Loosening its relationship with Shia dominated Iran does not appear likely as the nations share the world’s largest natural gas field and, especially now, given the fact Iran is providing it with food, water and medical supplies. One could argue the blockade has in fact strengthened its relationship with Iran. The trade balance between the two countries dramatically increased as a result, reaching $2 billion over the past year.

Kuwait has offered to mediate in the dispute.

 

Blockade’s Importance on Energy

There has been some speculation that natural gas is the factor for the blockade rather than terrorism. Qatar’s proven natural gas reserves tally approximately 25 trillion cubic meters, third-largest in the world after Russia and Iran, or almost 14 percent of total world natural gas reserves. The vast portion of the resource is located offshore within the North Field, which reaches Iran’s waters – the South Pars Field. Qatar, also a member of OPEC, produces about 1 million barrels of oil per day.

Qatar has continued to be the top global LNG exporter, a position it has held for over a decade. Its efforts are led by Qatargas, whose parent company is state-owned Qatar Petroleum (QP) and operates 14 LNG trains. Production had remained mostly stable noting more time was necessary to study the impact of additional development in the North Field before potential expansion, but Qatar’s global market share has fallen to 28%, as new supply from other countries come on-line and expand (especially with U.S. and Australia trains adding to the mix).

The blockade appears to have awaken and expedited Qatar’s expansion ambitions in the energy markets and act as a counterbalance to future severe economic impacts as a result of the embargo and maintain its market share and customers.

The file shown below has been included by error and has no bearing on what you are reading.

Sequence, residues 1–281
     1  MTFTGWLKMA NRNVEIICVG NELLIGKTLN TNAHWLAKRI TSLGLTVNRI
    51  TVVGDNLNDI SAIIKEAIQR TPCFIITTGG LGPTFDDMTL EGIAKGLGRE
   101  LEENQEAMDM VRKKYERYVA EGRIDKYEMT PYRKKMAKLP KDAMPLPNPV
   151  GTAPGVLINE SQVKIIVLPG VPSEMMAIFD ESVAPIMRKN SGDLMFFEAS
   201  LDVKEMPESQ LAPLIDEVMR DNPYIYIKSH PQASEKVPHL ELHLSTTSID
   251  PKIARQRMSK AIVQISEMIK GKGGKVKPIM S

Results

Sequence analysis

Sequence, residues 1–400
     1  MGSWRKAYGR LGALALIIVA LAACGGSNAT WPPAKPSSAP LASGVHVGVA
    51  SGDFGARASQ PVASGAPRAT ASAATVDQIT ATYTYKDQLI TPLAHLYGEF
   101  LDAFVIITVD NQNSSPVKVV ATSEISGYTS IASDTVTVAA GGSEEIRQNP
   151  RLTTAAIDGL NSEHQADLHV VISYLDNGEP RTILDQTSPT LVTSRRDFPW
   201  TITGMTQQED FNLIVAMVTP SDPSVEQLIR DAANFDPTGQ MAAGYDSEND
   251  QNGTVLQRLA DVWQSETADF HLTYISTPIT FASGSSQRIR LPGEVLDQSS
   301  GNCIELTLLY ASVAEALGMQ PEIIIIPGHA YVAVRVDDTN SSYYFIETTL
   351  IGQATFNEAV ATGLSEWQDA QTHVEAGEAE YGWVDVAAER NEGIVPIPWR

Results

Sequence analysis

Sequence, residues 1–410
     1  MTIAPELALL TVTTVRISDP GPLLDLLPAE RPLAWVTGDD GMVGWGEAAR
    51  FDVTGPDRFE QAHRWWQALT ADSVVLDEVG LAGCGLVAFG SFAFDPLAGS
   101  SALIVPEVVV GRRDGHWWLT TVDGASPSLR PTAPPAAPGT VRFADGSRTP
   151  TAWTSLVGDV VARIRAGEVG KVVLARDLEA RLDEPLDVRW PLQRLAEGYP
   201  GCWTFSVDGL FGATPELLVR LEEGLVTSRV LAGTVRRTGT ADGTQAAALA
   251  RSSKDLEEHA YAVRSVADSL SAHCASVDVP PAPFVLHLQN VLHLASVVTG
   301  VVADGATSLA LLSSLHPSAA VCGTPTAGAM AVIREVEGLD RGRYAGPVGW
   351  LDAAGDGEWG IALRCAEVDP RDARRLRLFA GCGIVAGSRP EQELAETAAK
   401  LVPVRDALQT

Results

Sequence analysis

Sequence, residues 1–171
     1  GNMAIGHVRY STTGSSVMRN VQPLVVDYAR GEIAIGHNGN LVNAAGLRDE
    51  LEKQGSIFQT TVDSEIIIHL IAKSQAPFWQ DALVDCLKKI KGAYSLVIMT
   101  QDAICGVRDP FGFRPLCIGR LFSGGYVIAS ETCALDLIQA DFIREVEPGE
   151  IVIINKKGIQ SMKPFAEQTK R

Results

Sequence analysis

QP, which controls all aspects of Qatar’s upstream and downstream oil and natural gas sectors, president and CEO Saad Sherida al-Kaabi stated “the nation’s oil and gas sector has not been impacted by the blockade.” In fact, he further stated, Qatar will restart investment and the LNG industry is expected to increase in the next 5-7 years by more than 30% or up to about 110 million tonnes – a planned increase that would be equivalent to 8 percent of the world’s current supply. National investment in natural gas development has been relatively consistent the past decade, so an open question is how the country will gather the billions of dollars to drive these new massive projects, or how much of its own coffers will it tap.

The blockade could challenge these ambitions with the need to partner with international oil companies (IOCs), which may not be anxious to become embroiled in regional tensions, especially with the importance of Saudi Arabia and the UAE in energy markets. If plans do become finalized, there are projections that Qatar could generate $40 billion in additional export revenue once it completes the expansion.